New Zealand’s Mass Shooting is an Expression of the Violence Muslims Face Around the World
As a Palestinian kid who grew up experiencing violence in a war-torn region, I used to wonder whether people in other parts of the world knew what it was like for Muslims, who, in are oppressed in so many regions of the world, live amid war, or as citizens in countries that vilify them.
When I moved to the United States, I found my answer when I turned on the news. After 9/11, Muslims were seen only as the clothes they wore or the language they spoke. Many non-Muslims in America were scared by the violence and, in turn, their neighbors. They did not realize or care that Muslims were scared, too. They saw us only as terrorists, and failed to recognize our thousands of years of laughter and happiness, surrounded by food and family.
This was reinforced again when I was out with my mom and we were verbally attacked by someone just walking by: “Take off your headscarf or get out of this country!” A curious child, I asked my mom, who dons hijab: “Why do they hate us?”
It’s a loaded question, isn’t it? Born from a lack of understanding my identity and how the world may perceive me and my family, this question brings victimization to a whole new level. Looking back, I realize how much this question implies: After all, if “they” hate “us,” surely “we” did something wrong, right? Having experienced so much hatred at such a young age, I had many feelings about my ethnicity and faith. Over time, and after talking with my family, friends, and educators, I found these feelings were misguided — as were the people making me feel shame for them. Muslims have always been and will always be beautiful. As I started to educate others, that belief became my guide.
In eighth grade, a classmate told me that all Muslims are terrorists. I sat there stunned, in awe of the ignorance of those my age. I demanded to know, “What am I?” He pondered this for a few moments, trying to figure out his best response and try not to offend me, as if he hadn’t already. Eventually, he concluded, I was not a terrorist; he corrected himself to state that not all Muslims were terrorists, “only the ones with long beards and a turban.”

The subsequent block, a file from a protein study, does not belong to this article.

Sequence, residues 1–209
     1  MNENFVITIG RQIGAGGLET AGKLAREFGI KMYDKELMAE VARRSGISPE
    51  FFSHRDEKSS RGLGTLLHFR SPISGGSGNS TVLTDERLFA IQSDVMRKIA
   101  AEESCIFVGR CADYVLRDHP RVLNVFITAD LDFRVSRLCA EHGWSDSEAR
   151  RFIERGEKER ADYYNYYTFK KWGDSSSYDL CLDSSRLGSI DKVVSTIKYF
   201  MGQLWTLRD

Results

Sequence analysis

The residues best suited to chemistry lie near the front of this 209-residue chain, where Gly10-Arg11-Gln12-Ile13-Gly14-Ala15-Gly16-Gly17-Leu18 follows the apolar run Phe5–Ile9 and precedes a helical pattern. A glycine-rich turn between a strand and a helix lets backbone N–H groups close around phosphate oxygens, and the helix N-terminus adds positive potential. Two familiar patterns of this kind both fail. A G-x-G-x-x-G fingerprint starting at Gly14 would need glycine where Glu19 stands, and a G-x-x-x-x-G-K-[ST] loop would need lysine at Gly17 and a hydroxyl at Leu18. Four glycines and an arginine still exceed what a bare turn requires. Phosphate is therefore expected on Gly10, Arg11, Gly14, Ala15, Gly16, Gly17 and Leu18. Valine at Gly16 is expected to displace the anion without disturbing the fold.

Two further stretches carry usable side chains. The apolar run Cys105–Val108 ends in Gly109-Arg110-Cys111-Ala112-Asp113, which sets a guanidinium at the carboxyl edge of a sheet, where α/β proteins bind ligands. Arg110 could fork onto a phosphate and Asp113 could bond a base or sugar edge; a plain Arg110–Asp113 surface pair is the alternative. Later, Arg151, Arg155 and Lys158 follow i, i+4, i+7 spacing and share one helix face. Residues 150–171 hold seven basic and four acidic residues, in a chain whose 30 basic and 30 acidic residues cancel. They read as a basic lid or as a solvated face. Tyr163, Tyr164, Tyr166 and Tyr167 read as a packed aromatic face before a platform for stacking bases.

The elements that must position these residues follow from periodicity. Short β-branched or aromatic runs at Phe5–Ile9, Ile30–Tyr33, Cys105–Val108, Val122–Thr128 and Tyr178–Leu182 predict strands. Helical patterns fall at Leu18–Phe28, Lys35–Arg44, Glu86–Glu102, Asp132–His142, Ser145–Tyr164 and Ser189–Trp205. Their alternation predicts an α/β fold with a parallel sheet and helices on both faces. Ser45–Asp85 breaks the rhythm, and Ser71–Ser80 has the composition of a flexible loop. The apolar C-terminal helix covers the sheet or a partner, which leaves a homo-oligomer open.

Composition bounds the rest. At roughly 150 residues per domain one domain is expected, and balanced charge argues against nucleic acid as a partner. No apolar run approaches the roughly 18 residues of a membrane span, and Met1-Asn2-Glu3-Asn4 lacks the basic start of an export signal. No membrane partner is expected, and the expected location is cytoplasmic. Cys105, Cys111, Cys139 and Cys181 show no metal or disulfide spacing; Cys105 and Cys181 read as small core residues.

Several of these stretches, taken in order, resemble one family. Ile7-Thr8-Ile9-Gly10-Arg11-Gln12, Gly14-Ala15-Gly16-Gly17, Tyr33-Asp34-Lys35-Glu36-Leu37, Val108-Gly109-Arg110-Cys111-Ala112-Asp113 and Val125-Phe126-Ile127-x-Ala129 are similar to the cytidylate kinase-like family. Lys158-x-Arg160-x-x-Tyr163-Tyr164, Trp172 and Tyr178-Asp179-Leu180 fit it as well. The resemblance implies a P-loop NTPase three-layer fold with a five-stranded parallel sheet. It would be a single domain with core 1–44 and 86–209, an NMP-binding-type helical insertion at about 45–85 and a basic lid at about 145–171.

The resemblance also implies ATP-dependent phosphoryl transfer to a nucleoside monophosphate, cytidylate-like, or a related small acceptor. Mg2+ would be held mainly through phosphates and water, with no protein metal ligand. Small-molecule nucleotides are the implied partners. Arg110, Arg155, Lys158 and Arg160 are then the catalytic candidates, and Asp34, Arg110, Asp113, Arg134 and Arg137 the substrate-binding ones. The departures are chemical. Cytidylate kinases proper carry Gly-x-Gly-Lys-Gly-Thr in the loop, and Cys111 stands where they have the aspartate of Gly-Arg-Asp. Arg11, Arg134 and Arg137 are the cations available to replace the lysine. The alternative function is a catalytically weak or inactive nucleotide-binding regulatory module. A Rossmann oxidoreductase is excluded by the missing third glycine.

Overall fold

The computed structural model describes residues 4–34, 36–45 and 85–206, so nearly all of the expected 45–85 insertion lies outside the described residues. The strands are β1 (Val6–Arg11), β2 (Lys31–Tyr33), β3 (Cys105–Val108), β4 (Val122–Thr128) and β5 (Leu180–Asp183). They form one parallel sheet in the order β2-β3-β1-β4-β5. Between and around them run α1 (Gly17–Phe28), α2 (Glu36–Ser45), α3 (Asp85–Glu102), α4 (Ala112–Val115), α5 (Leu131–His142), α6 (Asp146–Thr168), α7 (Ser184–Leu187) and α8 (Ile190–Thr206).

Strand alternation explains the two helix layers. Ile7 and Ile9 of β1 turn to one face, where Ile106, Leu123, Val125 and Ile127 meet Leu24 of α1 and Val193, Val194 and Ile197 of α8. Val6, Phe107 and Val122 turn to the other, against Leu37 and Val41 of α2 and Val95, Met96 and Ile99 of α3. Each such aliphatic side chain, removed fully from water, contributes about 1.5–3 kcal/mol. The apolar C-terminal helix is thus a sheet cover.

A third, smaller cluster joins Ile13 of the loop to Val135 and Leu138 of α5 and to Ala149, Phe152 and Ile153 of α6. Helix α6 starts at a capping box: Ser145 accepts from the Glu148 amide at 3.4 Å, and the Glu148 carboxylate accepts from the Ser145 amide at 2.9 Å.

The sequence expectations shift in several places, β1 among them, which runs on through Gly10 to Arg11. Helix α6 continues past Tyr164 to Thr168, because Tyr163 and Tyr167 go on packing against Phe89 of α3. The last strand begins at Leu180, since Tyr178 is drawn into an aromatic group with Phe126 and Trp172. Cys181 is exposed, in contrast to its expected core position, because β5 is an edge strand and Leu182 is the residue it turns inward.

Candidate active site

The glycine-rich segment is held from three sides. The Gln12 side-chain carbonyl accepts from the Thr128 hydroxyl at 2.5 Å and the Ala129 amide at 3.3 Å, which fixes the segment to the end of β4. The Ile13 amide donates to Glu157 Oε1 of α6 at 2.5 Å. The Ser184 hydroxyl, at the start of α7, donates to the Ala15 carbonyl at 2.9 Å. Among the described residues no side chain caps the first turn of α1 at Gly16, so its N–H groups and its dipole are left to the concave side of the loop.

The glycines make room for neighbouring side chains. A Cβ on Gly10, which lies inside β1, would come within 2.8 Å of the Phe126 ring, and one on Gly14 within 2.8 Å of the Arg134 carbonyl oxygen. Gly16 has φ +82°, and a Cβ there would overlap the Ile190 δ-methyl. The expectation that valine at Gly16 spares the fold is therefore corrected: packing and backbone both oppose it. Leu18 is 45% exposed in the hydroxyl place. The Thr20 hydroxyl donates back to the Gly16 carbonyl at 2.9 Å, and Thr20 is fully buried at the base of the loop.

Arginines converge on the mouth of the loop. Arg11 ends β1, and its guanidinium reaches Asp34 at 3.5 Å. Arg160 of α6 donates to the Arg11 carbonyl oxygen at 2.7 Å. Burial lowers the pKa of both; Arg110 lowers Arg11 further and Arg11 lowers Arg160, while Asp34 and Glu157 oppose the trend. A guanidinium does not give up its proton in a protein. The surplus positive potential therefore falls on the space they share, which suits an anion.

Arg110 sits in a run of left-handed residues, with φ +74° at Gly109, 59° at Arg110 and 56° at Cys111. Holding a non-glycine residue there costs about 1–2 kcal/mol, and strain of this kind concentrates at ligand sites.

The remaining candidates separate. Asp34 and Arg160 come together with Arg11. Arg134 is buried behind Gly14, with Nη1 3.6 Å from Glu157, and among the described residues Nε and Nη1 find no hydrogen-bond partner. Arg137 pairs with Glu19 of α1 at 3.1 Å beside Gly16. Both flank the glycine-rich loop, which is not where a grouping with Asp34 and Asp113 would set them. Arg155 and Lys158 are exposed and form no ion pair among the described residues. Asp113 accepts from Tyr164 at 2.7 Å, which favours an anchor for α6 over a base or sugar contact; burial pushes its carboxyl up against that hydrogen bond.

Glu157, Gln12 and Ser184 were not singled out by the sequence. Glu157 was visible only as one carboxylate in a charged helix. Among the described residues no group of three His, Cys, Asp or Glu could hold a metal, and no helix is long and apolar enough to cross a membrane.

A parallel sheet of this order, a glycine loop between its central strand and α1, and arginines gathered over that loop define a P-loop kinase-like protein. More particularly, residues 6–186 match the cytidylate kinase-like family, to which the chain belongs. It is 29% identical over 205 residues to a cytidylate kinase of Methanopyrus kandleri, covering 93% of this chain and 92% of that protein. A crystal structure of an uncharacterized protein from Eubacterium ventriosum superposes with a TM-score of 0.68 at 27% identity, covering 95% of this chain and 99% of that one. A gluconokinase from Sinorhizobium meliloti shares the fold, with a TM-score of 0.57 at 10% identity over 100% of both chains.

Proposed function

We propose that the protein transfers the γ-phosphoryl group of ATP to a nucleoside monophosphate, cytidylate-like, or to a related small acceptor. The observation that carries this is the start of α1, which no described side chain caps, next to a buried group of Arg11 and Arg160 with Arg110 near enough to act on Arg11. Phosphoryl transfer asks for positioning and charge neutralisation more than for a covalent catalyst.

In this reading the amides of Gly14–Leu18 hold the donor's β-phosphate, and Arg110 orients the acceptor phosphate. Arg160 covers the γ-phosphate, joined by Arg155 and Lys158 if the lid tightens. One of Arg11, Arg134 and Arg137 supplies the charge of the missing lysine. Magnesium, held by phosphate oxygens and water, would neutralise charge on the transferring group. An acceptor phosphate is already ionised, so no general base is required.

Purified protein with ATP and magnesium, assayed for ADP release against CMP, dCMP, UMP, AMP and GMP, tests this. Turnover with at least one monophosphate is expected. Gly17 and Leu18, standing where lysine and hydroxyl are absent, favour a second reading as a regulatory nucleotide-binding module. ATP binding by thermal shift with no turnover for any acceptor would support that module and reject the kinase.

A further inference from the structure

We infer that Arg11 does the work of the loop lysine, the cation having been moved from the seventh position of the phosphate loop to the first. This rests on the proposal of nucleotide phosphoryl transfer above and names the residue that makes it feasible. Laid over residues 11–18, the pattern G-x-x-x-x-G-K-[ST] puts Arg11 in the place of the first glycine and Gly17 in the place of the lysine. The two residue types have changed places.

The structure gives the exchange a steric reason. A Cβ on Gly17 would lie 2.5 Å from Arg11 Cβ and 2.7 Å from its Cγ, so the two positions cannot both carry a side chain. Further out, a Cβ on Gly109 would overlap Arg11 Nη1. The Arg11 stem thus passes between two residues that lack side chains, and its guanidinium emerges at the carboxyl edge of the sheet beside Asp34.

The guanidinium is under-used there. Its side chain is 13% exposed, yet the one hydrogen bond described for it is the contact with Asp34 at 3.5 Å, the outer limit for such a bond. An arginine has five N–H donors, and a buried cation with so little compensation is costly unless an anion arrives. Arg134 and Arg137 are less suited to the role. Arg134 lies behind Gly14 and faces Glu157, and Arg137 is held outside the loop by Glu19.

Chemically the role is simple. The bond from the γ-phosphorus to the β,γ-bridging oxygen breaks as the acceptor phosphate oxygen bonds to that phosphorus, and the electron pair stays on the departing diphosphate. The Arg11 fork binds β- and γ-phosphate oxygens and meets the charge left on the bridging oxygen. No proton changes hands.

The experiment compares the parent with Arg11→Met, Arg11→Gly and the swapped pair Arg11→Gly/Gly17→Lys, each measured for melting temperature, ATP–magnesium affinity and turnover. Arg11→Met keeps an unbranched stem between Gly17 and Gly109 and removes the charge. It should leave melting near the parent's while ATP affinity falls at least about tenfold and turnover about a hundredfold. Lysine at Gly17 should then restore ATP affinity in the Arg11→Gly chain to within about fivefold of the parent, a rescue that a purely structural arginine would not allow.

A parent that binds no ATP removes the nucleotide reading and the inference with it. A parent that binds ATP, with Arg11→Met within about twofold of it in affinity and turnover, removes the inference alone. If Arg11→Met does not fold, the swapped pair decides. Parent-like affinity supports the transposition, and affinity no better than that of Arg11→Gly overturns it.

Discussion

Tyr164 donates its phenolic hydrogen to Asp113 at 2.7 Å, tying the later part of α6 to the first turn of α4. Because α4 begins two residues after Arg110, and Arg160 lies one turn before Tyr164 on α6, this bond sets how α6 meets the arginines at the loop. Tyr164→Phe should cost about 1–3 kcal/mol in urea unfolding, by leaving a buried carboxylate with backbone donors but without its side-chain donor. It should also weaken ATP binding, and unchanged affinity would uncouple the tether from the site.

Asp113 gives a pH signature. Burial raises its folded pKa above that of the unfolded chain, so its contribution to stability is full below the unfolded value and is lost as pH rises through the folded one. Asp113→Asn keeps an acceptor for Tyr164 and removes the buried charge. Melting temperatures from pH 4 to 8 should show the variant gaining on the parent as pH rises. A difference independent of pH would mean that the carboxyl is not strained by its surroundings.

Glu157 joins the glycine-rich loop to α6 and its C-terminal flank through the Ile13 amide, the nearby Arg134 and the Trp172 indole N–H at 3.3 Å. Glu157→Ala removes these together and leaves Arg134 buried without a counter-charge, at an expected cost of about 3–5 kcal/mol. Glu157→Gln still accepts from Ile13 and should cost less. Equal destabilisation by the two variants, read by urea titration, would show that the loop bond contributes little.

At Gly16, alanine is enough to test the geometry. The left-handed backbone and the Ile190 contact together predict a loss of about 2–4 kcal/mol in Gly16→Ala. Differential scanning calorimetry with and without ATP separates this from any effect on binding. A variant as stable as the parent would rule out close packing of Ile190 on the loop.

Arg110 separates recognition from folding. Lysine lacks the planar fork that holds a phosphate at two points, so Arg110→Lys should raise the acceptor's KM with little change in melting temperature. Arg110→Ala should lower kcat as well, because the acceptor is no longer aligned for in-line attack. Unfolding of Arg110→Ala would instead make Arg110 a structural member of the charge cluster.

If he only knew that Muslims do not wear turbans.
I have been asked every conceivable race-related question, with good intentions, but negative implications. Growing up, my classmates just didn’t know better: Aside from me and a few others, they didn’t know immigrants. As I became more comfortable with my peers, I learned to befriend them, correct them, and teach them the errors in their logic; pleasant but firm, to show that we are happy to share our perspective. We share that right as equals. Many Muslim young adults, including myself, believe that this is the first step. If others were to open the Quran, they would understand the poetry in the words, the peace in the language. A trip to the local mosque is recommended, too: There, you will be welcomed with open arms and an open mind. All we Muslims ask is that you do the same.
I felt distraught and sorrow when I first heard of the March 14 attack on two mosques in New Zealand, attacks believed to have been carried out by a white nationalist Islamaphobe who released a manifesto and live-streamed the event on social media platforms. Still, I was not surprised. For far too long, Muslims have been branded “terrorists” or “dangerous” and violently attacked as a result, even though the fastest-growing religion in the world is founded on the ideals of opportunity and equality, not terror. But when 49 humans die at the hands of a racist individual indignant against a belief system — an entire group of global peoples — the world community must understand where violence compelled by ignorance comes from.